Hooray! I made it to another Tuesday ready to post. I have to say that after last week, I enjoyed this so much I wanted to do it every day. Alas! if I did that I’d have to stop making jewelry and if I stopped making jewelry there would be no reason whatsoever for me to have a blog.
I decided to do a little segment on the little technique I use to make most of my jewelry or at least parts of most of my jewelry. I get this question a lot. So I took a series of photos depicting each step as nearly as I could. It’s not as good as a video, but I truly did not want to mess with video at this point. I hope ya’ll understand.
You start with what is known as an eye pin. Interstingly, this little piece of wire is what adds a significant amount of expense to some of my jewelry. At the cheapest, I’ve found them for $.11 each which doesn’t sound like a lot, but when you add it up it is not insignificant. Second and maybe most obviously, you need a bead. However, not all wire fits into all beads. You have to make sure you have the right gauge eye pin. I have found this out the hard way. My tiny freshwater pearls won’t fit on a 21 gauge pin. And the gauge numbers go up as the size of the wire goes down. Don’t ask me why because I don’t know.
These are round nose pliers. I use them so much some days that I get a little blister on the palm of my hand. With the pliers, I grasp the wire about 1-2mm up from the bead and bend it away from my thumb. This will create a nice little divot at the bottom of the loop – making it look more professional. Oh, the details!
Then I move the pliers up just past the bend and pull the wire back the other way, forming the back part of the loop. At this point, I have to take out the pliers and change positions so I can wrap the wire all the way around the nose. I leave the tail. Usually, at this point, I will simply go on to do this step 200-300 times, depending how big the necklace is. I find it is much faster if I get all elements of the same step finished before I move on to the next step. If I am making a necklace with clusters, I have to string some beads with a head pin instead of an eye pin as there will be nothing attached to the bottom of these and I wouldn’t want a bunch of stray loops.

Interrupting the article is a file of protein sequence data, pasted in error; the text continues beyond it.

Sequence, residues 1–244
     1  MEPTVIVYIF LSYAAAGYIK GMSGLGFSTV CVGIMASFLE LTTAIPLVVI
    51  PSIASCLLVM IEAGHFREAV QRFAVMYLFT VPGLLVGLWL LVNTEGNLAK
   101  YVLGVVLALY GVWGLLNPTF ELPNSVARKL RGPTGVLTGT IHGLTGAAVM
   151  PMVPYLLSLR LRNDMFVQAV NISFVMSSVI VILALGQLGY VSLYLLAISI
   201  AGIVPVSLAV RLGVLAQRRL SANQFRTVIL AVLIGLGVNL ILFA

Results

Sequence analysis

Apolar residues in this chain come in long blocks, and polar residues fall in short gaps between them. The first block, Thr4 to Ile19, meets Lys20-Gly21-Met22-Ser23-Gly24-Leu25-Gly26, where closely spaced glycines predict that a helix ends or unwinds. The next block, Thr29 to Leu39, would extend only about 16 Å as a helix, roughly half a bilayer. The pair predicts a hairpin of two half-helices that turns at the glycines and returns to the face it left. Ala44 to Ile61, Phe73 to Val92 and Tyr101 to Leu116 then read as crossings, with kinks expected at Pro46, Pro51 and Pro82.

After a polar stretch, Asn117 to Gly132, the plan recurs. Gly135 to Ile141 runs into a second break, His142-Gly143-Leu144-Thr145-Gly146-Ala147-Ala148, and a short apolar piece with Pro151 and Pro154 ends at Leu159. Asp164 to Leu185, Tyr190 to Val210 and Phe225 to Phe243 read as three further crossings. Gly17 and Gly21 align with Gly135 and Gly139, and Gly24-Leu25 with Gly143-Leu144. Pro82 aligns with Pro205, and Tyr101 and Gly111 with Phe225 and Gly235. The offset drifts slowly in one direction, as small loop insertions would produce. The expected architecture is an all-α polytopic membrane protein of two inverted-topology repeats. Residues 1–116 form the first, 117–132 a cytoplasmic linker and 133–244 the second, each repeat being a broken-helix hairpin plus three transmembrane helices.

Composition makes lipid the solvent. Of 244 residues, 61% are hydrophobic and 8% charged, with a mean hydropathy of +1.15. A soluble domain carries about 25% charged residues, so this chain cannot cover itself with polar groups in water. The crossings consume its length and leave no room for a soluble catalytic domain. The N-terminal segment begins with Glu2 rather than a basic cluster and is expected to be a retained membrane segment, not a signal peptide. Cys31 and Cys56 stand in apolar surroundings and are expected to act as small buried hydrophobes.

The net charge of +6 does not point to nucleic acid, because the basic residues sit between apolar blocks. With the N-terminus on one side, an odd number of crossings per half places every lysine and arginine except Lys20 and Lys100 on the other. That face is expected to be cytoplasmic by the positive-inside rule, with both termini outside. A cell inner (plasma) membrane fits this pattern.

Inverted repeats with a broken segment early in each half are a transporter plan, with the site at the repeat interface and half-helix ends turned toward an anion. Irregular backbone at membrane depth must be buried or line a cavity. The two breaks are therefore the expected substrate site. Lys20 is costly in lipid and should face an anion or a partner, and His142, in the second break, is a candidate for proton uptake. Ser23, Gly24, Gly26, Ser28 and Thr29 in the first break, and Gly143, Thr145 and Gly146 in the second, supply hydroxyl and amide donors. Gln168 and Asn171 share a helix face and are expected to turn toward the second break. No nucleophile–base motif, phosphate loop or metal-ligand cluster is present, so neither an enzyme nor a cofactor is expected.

For the purpose of this post, I wanted to show why I leave the tail on the pin. Once I have them all strung, I will often construct a strand at a time, leaving all the tails on and cutting them when I’m finished. I’ve started to use only fine gauge wire, so most of the time each pin needs to be readjusted after they are strung together so that the whole necklace won’t fall apart when I finish it. Often, when I get the pins, the eye part hasn’t been closed tightly enough in the manufacturing process in order to keep the find gauge of the next wire from slipping out. Anyway, I slide the loop I’ve just made, tail first, into the eye of the next pin until it’s all the way past the part where the metal overlaps. Then I take the round nose pliers again and adjust both loops so they are tight enough. Then, when everything is tightened, I take my wire-cutters and clip all of the tails.
Ideally, there is a nice, clean, professional finish and you can’t tell which eye was manufactured and which was created by me. As you can guess, this method is very time-consuming. It looks very nice, which is why I like it, but I have already started experimenting with some other methods that are a little faster.